But as any scientist will tell you, an experiment that fails is as invaluable as one which comes off. As such, again, Seattle’s show is quite a success. We now have strong evidence that a number of plausible approaches to“fixing” B&B just don’t work.
The overarching problem with opÈra comique today, even in France, is its incorporation of substantial passages of spoken dialogue. The theater for which almost all the traditional Parisian opÈras comiques were written contained 1,100 seats. The newly-restored house, which opened in April 2017, only 100 more.
The Susan Brotman Auditorium of Seattle’s Marion McCaw Hall seats 2,900: more than 260% larger. A human voice, no matter how well-trained, cannot be understood from its stage without amplification. Even with amplification, the performers’ diction must be perfect to be comprehended, and the disproportion between great big voices and the tiny figures producing them creates a sense of eerie alienation rather than intimacy.
So: bottom line—B&B doesn’t fit this room and never will. But Seattle Opera’s production team couldn’t accept that. They wanted to do the show, period. And they convinced themselves that with enough tweaks and kludges it could be made to fit.
Tweak number one: the spoken dialogue is amplified, with just the effect it always has on the operatic stage: a clumsy jolt to the ear every time the music starts or stops.
Tweak number two: the opera is performed in English throughout, only the sung portion is supertitled, which only emphasizes how poorly one understands the dialogue when the mikes come back on.
Tweak number three: the perfectly serviceable dialogue Berlioz himself created to span the scenes between numbers with scraps of gen-yew-ine 100% Shakespeare, whose words can be hard to follow when spoken at speedby fine actors in an auditorium designed for spoken theater.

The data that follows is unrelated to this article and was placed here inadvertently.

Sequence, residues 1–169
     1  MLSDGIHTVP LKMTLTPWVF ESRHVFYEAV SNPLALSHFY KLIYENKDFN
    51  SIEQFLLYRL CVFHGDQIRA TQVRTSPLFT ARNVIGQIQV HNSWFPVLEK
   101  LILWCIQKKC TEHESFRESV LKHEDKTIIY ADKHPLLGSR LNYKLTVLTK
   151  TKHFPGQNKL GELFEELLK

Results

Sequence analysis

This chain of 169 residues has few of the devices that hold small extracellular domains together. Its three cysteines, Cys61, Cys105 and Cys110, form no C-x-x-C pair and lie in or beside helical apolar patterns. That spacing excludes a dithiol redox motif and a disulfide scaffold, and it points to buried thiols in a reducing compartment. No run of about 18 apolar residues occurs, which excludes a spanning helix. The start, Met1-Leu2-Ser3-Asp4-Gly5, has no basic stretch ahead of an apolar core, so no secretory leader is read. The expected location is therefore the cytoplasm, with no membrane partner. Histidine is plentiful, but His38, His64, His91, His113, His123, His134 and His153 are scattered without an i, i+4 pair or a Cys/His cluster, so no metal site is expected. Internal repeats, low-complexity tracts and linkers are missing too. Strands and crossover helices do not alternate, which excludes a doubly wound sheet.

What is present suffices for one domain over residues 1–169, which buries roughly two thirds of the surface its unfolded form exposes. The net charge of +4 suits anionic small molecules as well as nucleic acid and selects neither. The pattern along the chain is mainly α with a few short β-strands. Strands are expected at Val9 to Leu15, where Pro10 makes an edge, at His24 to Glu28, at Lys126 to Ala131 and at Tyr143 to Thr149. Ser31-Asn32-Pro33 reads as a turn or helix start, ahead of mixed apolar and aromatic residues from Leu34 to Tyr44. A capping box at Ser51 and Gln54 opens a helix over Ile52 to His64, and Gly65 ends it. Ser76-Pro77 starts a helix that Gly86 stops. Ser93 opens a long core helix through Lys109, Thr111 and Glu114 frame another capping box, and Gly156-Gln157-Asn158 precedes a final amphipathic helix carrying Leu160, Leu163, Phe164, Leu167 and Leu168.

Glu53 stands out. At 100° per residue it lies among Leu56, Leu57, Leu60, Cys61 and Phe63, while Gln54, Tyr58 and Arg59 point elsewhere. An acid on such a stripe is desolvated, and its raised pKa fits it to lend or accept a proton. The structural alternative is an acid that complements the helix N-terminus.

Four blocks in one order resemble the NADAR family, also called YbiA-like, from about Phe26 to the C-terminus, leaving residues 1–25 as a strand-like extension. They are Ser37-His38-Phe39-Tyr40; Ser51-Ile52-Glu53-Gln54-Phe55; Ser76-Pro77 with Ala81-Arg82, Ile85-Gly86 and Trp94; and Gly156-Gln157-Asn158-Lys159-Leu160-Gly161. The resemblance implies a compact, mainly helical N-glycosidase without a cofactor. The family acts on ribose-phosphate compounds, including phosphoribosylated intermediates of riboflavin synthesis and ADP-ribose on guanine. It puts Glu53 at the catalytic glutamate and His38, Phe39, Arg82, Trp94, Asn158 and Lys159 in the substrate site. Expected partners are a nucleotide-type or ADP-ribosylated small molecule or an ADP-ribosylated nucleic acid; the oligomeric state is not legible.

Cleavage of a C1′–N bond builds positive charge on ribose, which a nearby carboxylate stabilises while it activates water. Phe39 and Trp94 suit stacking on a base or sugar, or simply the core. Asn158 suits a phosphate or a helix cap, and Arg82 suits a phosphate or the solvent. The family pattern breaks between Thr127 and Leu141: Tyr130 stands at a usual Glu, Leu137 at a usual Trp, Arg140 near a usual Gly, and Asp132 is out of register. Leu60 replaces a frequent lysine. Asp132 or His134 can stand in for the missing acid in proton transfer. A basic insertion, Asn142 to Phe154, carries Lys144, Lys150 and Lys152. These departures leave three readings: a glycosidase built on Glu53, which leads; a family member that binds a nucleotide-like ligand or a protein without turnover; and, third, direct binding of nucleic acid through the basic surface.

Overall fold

Not content with those additional challenges, they have restored scenes and characters cut by Berlioz, requiring an additional half-dozen speaking actors and 20 minutes more dialogue, most of it dry and expository. The only character Berlioz invented for his version, the tedious music master Somarone, is rendered somewhat less tiresome by giving him comic lines taken from Shakespeare’s constable Dogberry. To smooth the bits where the talk gets to be too much even for the innovators, they innovate some more, suturing in music from other Berlioz works including little tune-clips for underscoring.
Entire cast (singers and actors)
Overall it is a triumph of artistic perversity, and the physical production amplifies the torment for all concerned, with a stage-filling M.C. Escheresque assemblage of industrial-strength staircases leading to landings with no function. Sicily’s torrid Messina has never looked chillier.
Considering the unnecessary handicaps imposed on them, it’s a wonder the performers manage to survive at all. But Shakespeare’s play, and the characters of the squabbling titular lovers, are apparently indestructible; assoon as they are in charge, you can feel the musing audience come alive again. The laughs are real, not forced; the drama soars.